Texan high school graduate Grace Bennett (Selena Gomez) is uncertain about her future until she, her uptight stepsister Meg (Leighton Meester) and vivacious friend Emma (Katie Cassidy) seize their chance for a dream holiday in Paris, France (not Texas). Unfortunately the frantic tour gives them no chance to savour the city of lights. It’s all going horribly wrong until the girls duck into the lobby of a luxury hotel where Grace is suddenly mistaken for her identical double: spoiled British heiress, Cordelia Scott (Gomez again). Before she has a chance to reveal her true identity, Grace and her friends are swept along in a series of misadventures in Monte Carlo, where fun and romance await.
For decades Hollywood pursued teenage boys as its ideal target audience until, in a third act twist worthy of a hackneyed teen rom-com, producers realised young girls could prove every bit as profitable a market. The mega-success of Titanic (1997) and Twilight (2008) brought a shift in the kinds of fantasies being catered to, hence movies like Monte Carlo. Based on the novel Headhunters written by Jules Bass, this had a strange journey to the screen, starting out as a more grownup romantic drama set for producer-star Nicole Kidman who retains a producer credit alongside Denise Di Novi who made the charming Ramona and Beezus (2010) also starring Disney teen idol Selena Gomez.
Tapping a universal dream of romance and adventure in exotic climbs along with the fantasy of becoming a different person that encapsulates the allure of Europe for American youngsters since the nineteenth century, Monte Carlo revives a tradition of travelogue romance popularised by films from Three Coins in a Fountain (1954) to Gidget Goes to Rome (1963). It is fluffier than a basket of kittens, but certainly knows how to cater to its target audience as our three winsome heroines indulge a fantasy lifestyle of glamorous frocks and expensive jewels, and naturally find some boy candy along the way. Meg draws laid-back Aussie hunk Riley (Luke Bracey), Grace finds an admirer in hotelier’s son Theo (Pierre Boulanger), whilst effervescent Emma is pursued by a playboy prince though her true love is boyfriend Owen played by Glee star Cory Monteith. In his English language debut, French actor Boulanger fails to make an annoying character even remotely engaging, but Bracey and especially Monteith prove winning foils to the fetching stars. Elsewhere, British comedienne Catherine Tate camps it up as Cordelia’s aunt who threatens to derail Grace’s deception but warms to her instead.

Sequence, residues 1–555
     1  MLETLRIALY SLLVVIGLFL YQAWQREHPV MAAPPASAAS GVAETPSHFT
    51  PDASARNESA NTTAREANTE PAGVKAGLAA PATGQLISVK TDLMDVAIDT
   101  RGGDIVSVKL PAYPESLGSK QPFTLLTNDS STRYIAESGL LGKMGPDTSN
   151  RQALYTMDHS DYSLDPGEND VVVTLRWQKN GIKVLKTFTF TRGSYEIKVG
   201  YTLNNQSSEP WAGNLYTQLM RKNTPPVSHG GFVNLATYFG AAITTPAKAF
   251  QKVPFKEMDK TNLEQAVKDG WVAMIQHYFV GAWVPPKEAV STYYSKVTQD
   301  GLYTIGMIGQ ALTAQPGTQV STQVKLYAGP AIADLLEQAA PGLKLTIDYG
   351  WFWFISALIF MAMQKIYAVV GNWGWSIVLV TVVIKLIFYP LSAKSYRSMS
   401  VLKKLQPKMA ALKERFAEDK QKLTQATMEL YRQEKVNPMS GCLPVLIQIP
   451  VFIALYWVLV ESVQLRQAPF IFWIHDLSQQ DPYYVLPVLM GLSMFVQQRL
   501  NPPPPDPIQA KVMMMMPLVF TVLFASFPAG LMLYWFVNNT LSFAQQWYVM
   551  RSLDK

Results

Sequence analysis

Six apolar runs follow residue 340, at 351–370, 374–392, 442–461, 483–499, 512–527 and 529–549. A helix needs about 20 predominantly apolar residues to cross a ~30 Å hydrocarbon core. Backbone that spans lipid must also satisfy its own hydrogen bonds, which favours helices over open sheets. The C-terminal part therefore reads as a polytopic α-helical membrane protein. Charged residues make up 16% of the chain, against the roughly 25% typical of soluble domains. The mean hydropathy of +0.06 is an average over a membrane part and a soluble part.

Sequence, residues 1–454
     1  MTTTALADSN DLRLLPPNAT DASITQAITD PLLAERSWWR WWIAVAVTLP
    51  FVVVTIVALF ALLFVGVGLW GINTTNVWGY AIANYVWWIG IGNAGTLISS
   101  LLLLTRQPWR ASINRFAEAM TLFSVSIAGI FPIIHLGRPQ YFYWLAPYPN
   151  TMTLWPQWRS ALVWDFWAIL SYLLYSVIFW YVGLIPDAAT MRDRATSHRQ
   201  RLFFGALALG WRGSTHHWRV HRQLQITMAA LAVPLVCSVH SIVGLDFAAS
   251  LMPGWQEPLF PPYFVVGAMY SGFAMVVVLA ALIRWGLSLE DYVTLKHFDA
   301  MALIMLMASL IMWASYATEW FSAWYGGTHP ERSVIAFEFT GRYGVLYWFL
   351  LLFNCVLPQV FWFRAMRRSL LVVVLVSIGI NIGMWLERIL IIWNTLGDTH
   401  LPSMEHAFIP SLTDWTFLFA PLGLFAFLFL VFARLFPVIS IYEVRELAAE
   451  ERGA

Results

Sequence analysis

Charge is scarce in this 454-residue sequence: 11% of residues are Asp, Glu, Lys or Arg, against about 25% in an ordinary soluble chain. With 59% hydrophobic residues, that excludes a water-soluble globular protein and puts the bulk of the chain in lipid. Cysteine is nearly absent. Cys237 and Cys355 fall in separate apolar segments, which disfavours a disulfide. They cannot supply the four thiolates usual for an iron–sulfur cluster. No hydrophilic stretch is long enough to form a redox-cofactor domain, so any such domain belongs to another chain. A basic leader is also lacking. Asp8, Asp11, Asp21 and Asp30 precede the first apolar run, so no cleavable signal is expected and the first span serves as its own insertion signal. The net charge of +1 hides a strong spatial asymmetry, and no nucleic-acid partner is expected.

For a comedy the film is short on laughs and the doppelganger conceit borders on the absurd, but its undeniable amiability wins the day. It is a beautifully designed production with subtly retro-Fifties visuals that simultaneously spoof the Hollywood tradition of travelogue scenery whilst wallowing in them. Despite a dodgy attempt at a British accent, Gomez acquits herself capably in her dual roles, though it is actually Gossip Girl star Leighton Meester who shoulders the weightier subplot (emotionally reticent Meg mourns her late mother) while the lesser known Katie Cassidy is charming as the thrill-seeking Texas gal whose eyes are opened to what she has at home. This is probably the only tween movie to feature a direct quote from Gandhi though, despite sporting a potent theme of teen anxieties over the future, its attempts at drama are soap opera thin. On the other hand, speaking as someone with Midwestern friends, it is refreshing to see a film avoid all the American tourist clichés and portray Texans as warm, engaging folks enthusiastic about foreign culture.